Turning to our trade enforcement mission, CBP is also well-positioned to help disrupt the criminal networks that exploit forced labor.
Our role in helping to secure the global supply chain by making sure that only lawful cargo enters the U.S. places CBP – specifically, our Office of Trade – in an excellent position to combat the importation of goods produced with forced labor.
The Trade Facilitation and Trade Enforcement Act (TFTEA) of 2015 strengthens our authorities to prohibit the importation of goods, made wholly or in part, with convict, indentured or forced labor. That includes forced child labor.
CBP works closely with ICE to review and investigate allegations of forced labor, and we also consult with the Department of Labor and the Department of State.
As I mentioned, we have some important authorities. One of the most significant is the ability to issue a withhold release order – a “WRO” – if we have evidence that reasonably shows that goods made wholly or in part with forced labor are being imported or are likely to be imported.
Under former Commissioner Gil Kerlikowske’s leadership, CBP issued four withhold release orders – or WROs – during Fiscal Year 2016. CBP actively enforces 31 WROs, covering a wide range of commodities, from garlic to furniture and cigarettes.
Shipments subject to WROs will be interdicted at our ports of entry and held from release into the commerce of the United States while CBP conducts a more detailed review of the shipment’s production records. During this time, importers can abandon the goods, re-export the shipment, or demonstrate that the goods were not made with forced labor.
After this additional review, CBP may determine that the shipment can be released into the United States, excluded from the United States or seized, depending on the level of information available to CBP.
To that end, our authorities also contain mechanisms for importers to be able to seek judicial review of CBP’s determination to ensure that the merchandise is properly released into the commerce of the United States if the importer can demonstrate that the goods were not produced with forced labor.
As you all know, none of us can tackle this issue alone. We count on inter-agency and public/private partnerships to heighten awareness about this issue and to help us combat these illegal activities.
In 2011, partly in response to a 2007 GAO report that recommended a federal coordinating body to combat human trafficking, the Justice Department joined forces with DHS and the Department of Labor to create Anti-trafficking Coordination Teams. These teams are located in six U.S. cities and comprise federal investigators and prosecutors from the USAO, FBI, ICE HSI, and Labor’s Inspector General and Wage and Hour Division.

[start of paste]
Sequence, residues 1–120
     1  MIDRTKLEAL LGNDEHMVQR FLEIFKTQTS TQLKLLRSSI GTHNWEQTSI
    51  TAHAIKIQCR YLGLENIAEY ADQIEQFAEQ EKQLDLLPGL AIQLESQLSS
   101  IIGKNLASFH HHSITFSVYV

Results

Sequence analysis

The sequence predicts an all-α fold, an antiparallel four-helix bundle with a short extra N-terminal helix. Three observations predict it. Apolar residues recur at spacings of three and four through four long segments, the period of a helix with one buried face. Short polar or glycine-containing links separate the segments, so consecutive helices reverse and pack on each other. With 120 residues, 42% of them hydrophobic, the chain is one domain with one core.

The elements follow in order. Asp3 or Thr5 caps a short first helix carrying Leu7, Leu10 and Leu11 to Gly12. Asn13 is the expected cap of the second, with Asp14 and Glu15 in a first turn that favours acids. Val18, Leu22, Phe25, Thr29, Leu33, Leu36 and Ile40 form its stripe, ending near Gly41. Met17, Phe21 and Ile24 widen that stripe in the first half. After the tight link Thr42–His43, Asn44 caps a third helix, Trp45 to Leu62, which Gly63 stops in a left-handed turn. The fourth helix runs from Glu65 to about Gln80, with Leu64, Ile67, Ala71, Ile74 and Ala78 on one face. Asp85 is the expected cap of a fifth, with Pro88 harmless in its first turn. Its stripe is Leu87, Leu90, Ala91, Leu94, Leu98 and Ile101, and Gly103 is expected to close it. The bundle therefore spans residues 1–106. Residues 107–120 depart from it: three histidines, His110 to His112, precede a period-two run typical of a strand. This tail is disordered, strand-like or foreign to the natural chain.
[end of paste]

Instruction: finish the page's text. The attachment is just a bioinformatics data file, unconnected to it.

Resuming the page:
In addition, the Human Smuggling and Trafficking Center (HSTC) is an interagency federal effort designed to be a clearinghouse for information on human trafficking, smuggling, and terrorism. We want to establish that same kind of coordination among state and local law enforcement – because they may be in the best position to identify and locate victims – as well as among nongovernmental organizations, where victims may more readily seek assistance.
Moreover, aid and service organizations assist human trafficking victims by providing assistance to address their short-term and long-term needs. These include legal and immigration services, housing, employment, education, food, clothing, job training, medical care, and child care.
My predecessor, former Commissioner Kerlikowske – who is here today – committed CBP to participating in a Working Group with key civil society groups. These groups also make important contributions to the Commercial Customs Operations Advisory Committee, or “COAC,” which is also has its own working group on forced labor.
As you know, it takes everyone –federal, state, and local governments, private sector businesses, nonprofit organizations, service providers, faith-based groups – working together to combat human trafficking. CBP is steadfast in its commitment to leveraging its travel and trade facilitation and enforcement missions to help stop human trafficking and forced labor. This is a critically important discussion, and I want to thank you for inviting me here today to share CBP’s perspective with you.